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Fontenot v. Gonzalez

United States District Court, W.D. Louisiana, Lake Charles Division

November 7, 2017




         Before the court is a Motion in Limine [doc. 26] filed by plaintiff Jeremi J. Fontenot (“Fontenot”), seeking to prohibit William Rodolfo Gonzalez (“Gonzalez”) and Hudson Insurance Company (“Hudson) (collectively, “defendants”) from mentioning or introducing any evidence on certain topics at trial. Defendants oppose the motion, and Fontenot has filed a reply. Docs. 34, 38.



         This action relates to a motor vehicle accident between Fontenot and Gonzalez on June 21, 2015, in Calcasieu Parish, Louisiana. Doc. 1, att. 1, pp. 1-2. Fontenot filed suit in the Fourteenth Judicial District, Calcasieu Parish, Louisiana, and Hudson subsequently removed the action to this court on the basis of federal diversity jurisdiction, 28 U.S.C. § 1332. Doc. 1, att. 1, pp. 1-4; doc. 1. On September 14, 2017, the court granted Fontenot's unopposed motion for partial summary judgment on the issue of liability. Doc. 25; see docs. 19, 22 (motion and response). Accordingly, it is settled that the subject accident was due to Gonzalez's negligence and the only issue to be decided at trial in this matter is the amount of damages owed to Fontenot.


         Law & Application

         Under Rule 104(a) of the Federal Rules of Evidence, “[t]he court must decide any preliminary questions about whether a witness is qualified, a privilege exists, or evidence is admissible. In so deciding, the court is not bound by evidence rules, except those on privilege.”

         Fontenot brings this motion to exclude evidence or mention of the following topics at trial: 1) his prior arrests and misdemeanor conviction; 2) his prior drug and alcohol usage; 3) evidence not made known during discovery; 4) the fact that Fontenot retained an attorney shortly after the accident; 5) the fact that Fontenot's medical bills have been paid; 6) the fact that any award is not taxable under federal and state income tax laws; 7) Fontenot's failure to call anyone on his witness list; 8) attorney file documents; 9) financial impact to defendants of an adverse verdict; 10) probable testimony of an absent witness; and 11) the fact that Fontenot has filed this motion. Defendants oppose the motion in all respects. Doc. 34.

         A. Prior arrests and conviction

         Fontenot admits that he pleaded guilty to a misdemeanor charge of attempted possession of drug paraphernalia in the Fourteenth Judicial District Court, Calcasieu Parish, Louisiana, on July 28, 2015. Doc. 26, att. 1, p. 1. The parties also state that he has been arrested as a result of disagreements with his father. Id.; doc. 34, pp. 1-2. Fontenot argues that evidence of the arrests and conviction should be excluded under Federal Rule of Evidence 609 and because its probative value is substantially outweighed by the potential for prejudice, under Rule 403.

         Rule 609 sets the limits on uses of a criminal conviction to attack a witness's character for truthfulness, and provides generally that a criminal conviction may not be used for that purpose unless it is a felony or the court can readily determine from the elements that it involved a dishonest act or false statement. Fed.R.Evid. 609(a). The defendants contend, however, that they would not seek to introduce this evidence to attack Fontenot's credibility. Doc. 34, p. 4. Instead, they would use it to refute his allegations that his injuries in the accident have led to behavioral difficulties, by showing that his behavioral issues (as expressed through fights with his father) preceded the accident. Id.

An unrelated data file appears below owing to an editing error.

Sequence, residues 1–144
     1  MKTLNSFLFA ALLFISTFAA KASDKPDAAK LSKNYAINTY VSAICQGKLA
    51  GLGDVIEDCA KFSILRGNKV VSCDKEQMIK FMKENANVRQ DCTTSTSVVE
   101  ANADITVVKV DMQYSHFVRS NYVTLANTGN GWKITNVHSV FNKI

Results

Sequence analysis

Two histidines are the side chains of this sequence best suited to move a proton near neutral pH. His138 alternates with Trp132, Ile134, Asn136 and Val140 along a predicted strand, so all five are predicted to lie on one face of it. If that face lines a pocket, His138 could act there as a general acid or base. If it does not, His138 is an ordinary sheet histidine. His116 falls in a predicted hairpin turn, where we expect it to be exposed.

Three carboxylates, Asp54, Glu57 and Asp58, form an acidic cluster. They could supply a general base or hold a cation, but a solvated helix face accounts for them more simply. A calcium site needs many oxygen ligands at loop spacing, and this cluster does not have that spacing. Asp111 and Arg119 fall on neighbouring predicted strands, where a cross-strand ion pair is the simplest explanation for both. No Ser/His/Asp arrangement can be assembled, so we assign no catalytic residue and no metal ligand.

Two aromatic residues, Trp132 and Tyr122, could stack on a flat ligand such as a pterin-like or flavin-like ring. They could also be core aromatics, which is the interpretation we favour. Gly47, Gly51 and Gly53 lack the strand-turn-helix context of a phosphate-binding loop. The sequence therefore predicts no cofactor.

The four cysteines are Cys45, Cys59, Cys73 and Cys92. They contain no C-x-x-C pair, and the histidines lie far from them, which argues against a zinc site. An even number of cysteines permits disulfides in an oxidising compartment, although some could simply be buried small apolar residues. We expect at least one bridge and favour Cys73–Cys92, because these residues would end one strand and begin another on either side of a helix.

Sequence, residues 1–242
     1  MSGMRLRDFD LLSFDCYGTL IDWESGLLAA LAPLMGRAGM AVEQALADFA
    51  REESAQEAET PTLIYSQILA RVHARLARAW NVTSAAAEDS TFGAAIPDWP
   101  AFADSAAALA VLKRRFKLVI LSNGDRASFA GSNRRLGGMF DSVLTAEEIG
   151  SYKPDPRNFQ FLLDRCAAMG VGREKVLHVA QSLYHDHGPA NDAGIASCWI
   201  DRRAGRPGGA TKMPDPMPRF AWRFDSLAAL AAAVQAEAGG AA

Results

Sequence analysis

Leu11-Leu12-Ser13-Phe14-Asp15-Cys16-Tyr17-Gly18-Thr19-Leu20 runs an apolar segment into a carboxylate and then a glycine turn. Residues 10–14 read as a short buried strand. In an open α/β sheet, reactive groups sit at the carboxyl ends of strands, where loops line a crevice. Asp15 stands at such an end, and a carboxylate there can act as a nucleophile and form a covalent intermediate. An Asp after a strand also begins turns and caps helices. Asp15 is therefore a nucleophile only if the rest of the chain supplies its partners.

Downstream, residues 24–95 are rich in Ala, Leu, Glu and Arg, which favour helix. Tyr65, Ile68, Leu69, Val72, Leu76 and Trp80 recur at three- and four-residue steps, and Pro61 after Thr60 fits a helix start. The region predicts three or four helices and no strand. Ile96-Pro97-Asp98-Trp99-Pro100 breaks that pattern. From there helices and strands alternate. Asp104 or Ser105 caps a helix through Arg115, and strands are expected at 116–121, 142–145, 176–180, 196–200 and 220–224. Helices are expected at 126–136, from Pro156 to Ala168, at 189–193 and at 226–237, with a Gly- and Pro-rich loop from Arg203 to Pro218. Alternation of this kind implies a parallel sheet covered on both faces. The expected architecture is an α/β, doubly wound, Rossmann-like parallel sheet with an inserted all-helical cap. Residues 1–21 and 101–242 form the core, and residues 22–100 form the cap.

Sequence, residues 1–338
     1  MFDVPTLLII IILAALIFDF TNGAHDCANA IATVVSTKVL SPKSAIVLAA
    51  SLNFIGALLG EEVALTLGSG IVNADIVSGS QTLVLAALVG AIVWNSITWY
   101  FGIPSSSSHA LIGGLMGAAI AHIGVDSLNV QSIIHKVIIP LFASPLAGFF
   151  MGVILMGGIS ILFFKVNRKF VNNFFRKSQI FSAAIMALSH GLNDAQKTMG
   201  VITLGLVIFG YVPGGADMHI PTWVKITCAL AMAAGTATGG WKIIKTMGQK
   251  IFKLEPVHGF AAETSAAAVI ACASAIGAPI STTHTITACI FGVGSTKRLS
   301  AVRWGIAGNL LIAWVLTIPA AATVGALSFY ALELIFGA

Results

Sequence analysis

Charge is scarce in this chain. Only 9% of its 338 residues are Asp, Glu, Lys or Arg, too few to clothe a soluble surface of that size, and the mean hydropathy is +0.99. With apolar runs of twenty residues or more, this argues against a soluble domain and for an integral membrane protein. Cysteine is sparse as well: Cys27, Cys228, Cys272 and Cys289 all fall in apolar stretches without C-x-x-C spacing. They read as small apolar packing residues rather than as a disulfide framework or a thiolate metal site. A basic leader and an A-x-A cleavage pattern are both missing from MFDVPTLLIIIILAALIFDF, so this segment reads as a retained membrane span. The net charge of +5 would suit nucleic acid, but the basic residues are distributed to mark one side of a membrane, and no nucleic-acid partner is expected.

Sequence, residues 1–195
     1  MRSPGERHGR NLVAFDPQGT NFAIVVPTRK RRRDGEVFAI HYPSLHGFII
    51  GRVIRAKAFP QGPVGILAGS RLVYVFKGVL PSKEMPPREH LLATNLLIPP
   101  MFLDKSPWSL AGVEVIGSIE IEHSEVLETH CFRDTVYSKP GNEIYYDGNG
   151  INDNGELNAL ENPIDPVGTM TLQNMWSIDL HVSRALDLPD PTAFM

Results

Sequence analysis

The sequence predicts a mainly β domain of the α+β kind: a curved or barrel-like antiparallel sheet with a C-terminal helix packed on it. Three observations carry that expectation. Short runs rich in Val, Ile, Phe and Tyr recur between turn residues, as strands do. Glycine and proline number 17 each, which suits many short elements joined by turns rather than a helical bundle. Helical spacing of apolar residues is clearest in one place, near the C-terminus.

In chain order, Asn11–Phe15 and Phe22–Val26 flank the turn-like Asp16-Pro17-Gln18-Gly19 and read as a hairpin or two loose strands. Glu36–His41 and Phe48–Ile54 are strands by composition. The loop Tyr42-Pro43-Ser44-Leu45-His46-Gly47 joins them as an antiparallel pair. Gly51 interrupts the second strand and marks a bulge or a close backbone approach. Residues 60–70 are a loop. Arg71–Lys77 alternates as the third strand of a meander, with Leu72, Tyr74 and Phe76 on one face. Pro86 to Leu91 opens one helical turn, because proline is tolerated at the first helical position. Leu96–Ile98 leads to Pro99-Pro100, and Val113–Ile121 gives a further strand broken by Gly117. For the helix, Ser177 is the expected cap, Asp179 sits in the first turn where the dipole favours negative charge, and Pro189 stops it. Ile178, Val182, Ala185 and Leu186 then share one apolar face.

Accordingly, this portion of the motion should be analyzed under Rule 404(b), which allows evidence of prior wrongdoings for purposes other than proving the person's character in order to show that he acted in conformity with that character. Fed.R.Evid. 404(b)(1). However, evidence of a prior bad act may be admissible “for another purpose.”[1] Id. at 404(b)(2). In such cases the court must first determine whether the evidence is relevant to an issue other than character, and then ensure that its probative value is not substantially outweighed by its potential for undue prejudice. United States v. Cervantes, 706 F.3d 603, 615 (5th Cir. 2013).

         Here the defendants argue that the prior bad acts are admissible to rebut a damages claim. They do not provide any citation for their allegation that behavioral problems are part of Fontenot's claimed damages. See doc. 34, p. 4. However, Fontenot's complaint shows that he has alleged injuries including “[s]evere head injuries and trauma” and “[s]evere nervous shock.” Doc. 1, att. 1, p. 3. He also claims damages for, inter alia, “physical and mental pain, suffering, discomfort, anxiety, distress, disability, disfigurement and inconvenience.” Id. In his interrogatory answers, Fontenot listed three treating psychologists as possible witnesses and admitted that he has been prescribed several medications since the accident, including sedatives and antidepressants.[2]Id. at 12-14. Thus, as defendants argue, arrests relating to arguments with a family member, introduced to show that Fontenot's psychological issues preceded the accident, are both relevant to this issue and ...

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